I'd like to see them. I too am embarking on some bath cabinet building and have been considering Alder. A lot ot the high end houses around here are advertising Alder, so it's currently the in thing. There was a brief Hickory phase following the whitewashed Oak phase which is still seen in some places. Unfortunately, my kitchen is one of them. That will be a follow on project.
I am concerned about the dent resistance although I guess that might be a part of the rustic "charm." My house is a pueblo revival ("Santa Fe") style with lots of Pondersoa Pine ceilings with rough-sawn beams and brick paver floors everywhere but the living room, so fussy cabinets are out, although I'm not looking for board and battens with leather strap hinges either [g].
Good idea on the open houses; we do that a lot too.
Wes
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Wes Stewart wrote:

I did my kitchen in knotty alder. I re-used the existing cabinets (lacquered them a forrest green) but built new doors and used Minwax Ipswich Pine stain. I can post photos if you're interested. I'm not completely finished as my SO wants the Z plant-ons for that barn door look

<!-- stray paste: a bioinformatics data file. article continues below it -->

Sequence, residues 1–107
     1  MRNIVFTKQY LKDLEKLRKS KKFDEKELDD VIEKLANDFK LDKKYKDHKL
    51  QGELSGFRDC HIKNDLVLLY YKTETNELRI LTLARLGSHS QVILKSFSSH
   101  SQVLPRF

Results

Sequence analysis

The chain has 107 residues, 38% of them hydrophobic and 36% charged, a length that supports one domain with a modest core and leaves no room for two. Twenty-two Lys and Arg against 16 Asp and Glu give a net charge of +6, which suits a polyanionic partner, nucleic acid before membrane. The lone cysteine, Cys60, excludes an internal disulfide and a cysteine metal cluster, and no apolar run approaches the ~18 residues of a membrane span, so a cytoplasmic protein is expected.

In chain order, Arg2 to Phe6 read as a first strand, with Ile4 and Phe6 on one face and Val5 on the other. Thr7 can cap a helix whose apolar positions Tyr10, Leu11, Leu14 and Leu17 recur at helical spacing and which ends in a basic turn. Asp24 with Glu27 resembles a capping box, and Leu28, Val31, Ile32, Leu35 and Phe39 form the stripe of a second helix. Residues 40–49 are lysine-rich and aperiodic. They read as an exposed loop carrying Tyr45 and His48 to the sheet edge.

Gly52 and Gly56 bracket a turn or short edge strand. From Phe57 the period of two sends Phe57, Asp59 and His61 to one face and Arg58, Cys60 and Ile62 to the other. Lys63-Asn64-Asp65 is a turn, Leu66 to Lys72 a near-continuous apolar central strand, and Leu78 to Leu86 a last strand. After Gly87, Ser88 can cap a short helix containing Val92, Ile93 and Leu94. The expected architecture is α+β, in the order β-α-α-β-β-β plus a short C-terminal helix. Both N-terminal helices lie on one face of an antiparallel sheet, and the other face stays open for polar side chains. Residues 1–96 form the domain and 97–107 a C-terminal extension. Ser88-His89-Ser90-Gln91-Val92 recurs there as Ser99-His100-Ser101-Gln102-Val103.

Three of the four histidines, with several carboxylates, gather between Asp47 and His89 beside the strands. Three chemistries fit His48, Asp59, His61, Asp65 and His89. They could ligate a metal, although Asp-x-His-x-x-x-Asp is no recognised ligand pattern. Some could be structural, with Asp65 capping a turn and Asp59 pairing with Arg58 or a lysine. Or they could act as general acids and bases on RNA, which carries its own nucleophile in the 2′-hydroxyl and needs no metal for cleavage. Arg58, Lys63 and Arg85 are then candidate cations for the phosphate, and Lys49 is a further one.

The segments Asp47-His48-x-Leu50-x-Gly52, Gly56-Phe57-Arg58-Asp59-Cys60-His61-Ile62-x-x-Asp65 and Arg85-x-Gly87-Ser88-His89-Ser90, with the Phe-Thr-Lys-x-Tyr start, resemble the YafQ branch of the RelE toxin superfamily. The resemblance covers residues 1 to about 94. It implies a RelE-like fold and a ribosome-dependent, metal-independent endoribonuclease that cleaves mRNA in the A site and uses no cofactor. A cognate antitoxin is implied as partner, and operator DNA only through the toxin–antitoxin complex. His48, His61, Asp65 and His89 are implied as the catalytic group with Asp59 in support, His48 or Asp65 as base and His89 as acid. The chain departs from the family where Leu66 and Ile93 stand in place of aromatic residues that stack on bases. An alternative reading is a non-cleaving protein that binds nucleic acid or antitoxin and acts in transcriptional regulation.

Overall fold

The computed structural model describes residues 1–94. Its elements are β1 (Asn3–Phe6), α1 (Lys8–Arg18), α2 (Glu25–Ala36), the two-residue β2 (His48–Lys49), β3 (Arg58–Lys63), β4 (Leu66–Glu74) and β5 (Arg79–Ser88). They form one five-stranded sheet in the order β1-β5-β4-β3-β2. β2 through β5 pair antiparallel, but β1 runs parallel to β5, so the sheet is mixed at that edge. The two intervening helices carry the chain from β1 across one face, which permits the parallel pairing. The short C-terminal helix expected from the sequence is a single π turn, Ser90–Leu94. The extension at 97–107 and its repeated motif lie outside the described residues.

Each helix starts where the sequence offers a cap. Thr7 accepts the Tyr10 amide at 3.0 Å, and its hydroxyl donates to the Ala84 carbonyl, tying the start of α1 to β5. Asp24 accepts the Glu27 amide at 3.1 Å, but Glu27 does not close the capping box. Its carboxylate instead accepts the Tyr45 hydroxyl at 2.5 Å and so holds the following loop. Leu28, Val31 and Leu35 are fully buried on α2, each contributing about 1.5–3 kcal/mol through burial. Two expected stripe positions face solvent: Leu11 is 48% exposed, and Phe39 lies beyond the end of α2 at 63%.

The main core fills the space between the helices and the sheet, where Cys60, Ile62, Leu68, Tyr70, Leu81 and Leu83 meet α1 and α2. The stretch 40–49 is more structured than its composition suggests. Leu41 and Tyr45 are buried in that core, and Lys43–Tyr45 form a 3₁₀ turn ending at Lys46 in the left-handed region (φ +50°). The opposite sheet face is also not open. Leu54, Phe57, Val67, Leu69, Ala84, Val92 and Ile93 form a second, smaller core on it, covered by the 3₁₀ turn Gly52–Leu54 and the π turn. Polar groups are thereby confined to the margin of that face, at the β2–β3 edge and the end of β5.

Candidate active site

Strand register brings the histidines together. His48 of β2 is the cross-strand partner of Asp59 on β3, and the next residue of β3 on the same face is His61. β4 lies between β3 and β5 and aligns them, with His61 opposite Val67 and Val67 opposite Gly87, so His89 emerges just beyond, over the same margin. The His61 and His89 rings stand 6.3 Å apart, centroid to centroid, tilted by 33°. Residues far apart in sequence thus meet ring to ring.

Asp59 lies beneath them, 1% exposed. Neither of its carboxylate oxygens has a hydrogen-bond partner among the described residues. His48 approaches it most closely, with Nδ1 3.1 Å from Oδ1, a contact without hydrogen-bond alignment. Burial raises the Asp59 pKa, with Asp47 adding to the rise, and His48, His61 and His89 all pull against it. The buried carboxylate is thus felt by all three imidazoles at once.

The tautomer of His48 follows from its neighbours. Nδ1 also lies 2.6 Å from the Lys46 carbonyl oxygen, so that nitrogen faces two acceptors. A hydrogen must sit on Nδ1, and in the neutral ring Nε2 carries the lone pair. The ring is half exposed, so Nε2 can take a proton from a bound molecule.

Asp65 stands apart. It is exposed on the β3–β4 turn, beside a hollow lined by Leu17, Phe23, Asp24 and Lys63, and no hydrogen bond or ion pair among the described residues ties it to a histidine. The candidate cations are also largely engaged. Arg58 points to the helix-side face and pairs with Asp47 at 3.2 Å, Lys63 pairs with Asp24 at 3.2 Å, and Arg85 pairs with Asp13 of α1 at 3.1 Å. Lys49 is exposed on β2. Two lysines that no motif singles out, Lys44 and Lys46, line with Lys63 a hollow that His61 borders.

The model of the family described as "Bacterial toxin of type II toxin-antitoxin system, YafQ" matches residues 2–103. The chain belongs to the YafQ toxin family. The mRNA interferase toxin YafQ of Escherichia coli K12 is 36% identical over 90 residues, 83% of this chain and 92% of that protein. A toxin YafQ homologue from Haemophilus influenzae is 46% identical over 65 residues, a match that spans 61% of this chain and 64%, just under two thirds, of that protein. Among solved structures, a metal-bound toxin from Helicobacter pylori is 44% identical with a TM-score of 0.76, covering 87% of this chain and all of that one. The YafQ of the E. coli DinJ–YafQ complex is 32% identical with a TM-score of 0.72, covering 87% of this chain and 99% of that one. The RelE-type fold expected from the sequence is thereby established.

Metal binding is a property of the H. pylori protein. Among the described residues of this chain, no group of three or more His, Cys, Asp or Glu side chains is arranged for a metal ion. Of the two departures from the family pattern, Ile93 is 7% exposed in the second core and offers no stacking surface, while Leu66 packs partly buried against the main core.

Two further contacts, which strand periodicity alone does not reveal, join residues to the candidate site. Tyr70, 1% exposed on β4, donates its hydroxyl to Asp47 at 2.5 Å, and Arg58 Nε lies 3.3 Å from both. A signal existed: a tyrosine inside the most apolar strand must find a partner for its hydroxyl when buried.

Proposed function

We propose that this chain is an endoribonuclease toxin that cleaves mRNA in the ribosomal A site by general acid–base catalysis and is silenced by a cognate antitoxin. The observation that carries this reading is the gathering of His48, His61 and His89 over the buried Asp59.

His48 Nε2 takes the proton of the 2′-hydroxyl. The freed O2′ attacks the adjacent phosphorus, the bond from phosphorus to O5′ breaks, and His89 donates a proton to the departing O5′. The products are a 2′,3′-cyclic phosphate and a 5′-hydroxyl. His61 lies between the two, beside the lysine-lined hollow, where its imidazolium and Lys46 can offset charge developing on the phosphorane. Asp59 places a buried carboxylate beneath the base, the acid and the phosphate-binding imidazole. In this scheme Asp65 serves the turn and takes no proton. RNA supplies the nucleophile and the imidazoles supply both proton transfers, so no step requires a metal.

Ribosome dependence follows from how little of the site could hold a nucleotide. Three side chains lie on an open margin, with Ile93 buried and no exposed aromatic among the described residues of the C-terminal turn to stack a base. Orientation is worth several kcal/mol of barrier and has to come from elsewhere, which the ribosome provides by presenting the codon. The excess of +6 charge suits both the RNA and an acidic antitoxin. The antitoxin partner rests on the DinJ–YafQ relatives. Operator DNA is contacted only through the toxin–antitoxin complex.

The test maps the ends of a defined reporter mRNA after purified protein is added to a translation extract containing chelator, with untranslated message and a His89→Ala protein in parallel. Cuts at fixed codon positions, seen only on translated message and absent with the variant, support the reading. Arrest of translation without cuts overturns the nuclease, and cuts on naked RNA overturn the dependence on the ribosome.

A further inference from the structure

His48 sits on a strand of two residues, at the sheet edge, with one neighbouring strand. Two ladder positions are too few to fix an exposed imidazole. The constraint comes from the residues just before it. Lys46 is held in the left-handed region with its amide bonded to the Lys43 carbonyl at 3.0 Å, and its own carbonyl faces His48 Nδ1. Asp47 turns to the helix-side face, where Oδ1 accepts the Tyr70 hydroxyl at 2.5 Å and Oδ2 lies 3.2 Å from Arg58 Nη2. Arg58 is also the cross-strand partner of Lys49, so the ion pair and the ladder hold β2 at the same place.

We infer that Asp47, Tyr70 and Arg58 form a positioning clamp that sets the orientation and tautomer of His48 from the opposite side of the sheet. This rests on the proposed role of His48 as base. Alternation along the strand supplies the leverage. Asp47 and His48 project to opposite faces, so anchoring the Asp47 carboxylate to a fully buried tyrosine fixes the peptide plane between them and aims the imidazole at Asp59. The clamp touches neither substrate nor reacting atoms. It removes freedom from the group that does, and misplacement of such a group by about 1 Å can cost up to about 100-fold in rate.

Gary
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I'll take some pictures tonight (hopefully) and put them on my website. I post back here to let you know when they're available and where to get them.
Mike

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If you're going to stain, forget poplar. It's got no interesting grain and can suffer from a wide colour (color, Keith) variance from brown through green to white. Mind you, I built a peanut feeder for the blue jays the other day by turning a shallow bowl out of a chuck of poplar, grabbing a 1x1 stick of red oak cutoff, slapping some some orange shellac on them, fastening the bowl to the stick with a #8 screw and then fastening the stick to the kid's playhouse with a couple of deck screws.
The poplar bowl doesn't look half bad with a cupla coats of orange bug spit on it... for a bird feeder.
OTOH, I've got a poplar bowl that I experimented on with some dark walnut watco oil... I'm too embarassed to take it outside to the firepit, so it remains on the workbench holding crap. U-u-gly!